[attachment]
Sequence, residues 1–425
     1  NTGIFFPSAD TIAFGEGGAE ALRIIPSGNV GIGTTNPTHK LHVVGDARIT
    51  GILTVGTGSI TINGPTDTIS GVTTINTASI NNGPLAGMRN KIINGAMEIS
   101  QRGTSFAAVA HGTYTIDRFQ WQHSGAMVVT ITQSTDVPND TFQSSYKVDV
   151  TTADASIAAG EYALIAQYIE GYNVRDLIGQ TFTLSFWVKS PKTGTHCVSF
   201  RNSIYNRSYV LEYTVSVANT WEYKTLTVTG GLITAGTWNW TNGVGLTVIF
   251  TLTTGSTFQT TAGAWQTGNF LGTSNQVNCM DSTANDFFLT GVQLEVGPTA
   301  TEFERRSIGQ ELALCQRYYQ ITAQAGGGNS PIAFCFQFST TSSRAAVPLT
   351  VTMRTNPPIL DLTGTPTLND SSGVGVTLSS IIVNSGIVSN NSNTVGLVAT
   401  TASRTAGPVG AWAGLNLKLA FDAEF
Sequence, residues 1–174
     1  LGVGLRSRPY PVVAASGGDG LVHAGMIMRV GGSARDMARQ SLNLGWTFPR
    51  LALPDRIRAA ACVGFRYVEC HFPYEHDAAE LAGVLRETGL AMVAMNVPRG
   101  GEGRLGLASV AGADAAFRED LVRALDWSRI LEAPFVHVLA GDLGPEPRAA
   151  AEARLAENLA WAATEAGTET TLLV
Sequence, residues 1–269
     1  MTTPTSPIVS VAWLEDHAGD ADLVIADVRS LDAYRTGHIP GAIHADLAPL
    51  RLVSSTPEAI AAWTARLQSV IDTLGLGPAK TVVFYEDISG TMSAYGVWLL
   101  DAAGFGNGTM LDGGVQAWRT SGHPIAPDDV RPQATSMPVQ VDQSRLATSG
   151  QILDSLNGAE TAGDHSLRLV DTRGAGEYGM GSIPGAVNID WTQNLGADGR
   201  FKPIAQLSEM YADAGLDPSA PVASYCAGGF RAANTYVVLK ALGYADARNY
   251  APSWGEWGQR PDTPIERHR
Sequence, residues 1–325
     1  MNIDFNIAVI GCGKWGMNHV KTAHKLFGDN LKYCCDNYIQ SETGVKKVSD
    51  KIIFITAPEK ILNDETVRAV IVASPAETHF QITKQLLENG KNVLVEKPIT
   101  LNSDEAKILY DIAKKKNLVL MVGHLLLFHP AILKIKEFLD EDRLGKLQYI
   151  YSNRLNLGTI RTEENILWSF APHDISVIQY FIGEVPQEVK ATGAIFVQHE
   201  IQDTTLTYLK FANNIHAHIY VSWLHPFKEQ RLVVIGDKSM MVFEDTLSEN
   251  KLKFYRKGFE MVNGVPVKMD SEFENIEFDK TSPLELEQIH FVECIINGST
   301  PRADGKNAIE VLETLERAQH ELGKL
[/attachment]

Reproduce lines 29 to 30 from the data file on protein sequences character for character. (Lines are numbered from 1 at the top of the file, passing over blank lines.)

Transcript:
   251  KLKFYRKGFE MVNGVPVKMD SEFENIEFDK TSPLELEQIH FVECIINGST
   301  PRADGKNAIE VLETLERAQH ELGKL